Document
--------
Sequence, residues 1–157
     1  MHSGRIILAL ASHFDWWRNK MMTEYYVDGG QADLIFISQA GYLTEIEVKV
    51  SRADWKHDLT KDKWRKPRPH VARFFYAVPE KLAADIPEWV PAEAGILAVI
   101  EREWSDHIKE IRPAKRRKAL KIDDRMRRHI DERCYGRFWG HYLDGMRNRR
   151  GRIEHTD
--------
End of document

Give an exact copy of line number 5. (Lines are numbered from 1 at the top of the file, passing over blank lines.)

   151  GRIEHTD